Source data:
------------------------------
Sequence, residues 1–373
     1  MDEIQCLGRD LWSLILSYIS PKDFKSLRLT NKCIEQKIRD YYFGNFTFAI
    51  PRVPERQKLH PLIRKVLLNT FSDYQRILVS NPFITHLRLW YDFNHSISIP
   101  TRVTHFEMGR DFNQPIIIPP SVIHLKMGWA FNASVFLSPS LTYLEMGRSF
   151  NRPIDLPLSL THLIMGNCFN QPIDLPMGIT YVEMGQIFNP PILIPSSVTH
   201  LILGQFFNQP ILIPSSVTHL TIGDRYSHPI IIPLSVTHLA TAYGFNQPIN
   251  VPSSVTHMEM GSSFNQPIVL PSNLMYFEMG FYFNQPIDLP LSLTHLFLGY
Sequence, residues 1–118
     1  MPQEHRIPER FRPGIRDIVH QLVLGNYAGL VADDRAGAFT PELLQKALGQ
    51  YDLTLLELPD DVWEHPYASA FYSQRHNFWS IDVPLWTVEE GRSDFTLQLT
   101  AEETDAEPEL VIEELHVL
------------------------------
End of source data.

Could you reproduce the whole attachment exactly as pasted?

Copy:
Sequence, residues 1–373
     1  MDEIQCLGRD LWSLILSYIS PKDFKSLRLT NKCIEQKIRD YYFGNFTFAI
    51  PRVPERQKLH PLIRKVLLNT FSDYQRILVS NPFITHLRLW YDFNHSISIP
   101  TRVTHFEMGR DFNQPIIIPP SVIHLKMGWA FNASVFLSPS LTYLEMGRSF
   151  NRPIDLPLSL THLIMGNCFN QPIDLPMGIT YVEMGQIFNP PILIPSSVTH
   201  LILGQFFNQP ILIPSSVTHL TIGDRYSHPI IIPLSVTHLA TAYGFNQPIN
   251  VPSSVTHMEM GSSFNQPIVL PSNLMYFEMG FYFNQPIDLP LSLTHLFLGY
Sequence, residues 1–118
     1  MPQEHRIPER FRPGIRDIVH QLVLGNYAGL VADDRAGAFT PELLQKALGQ
    51  YDLTLLELPD DVWEHPYASA FYSQRHNFWS IDVPLWTVEE GRSDFTLQLT
   101  AEETDAEPEL VIEELHVL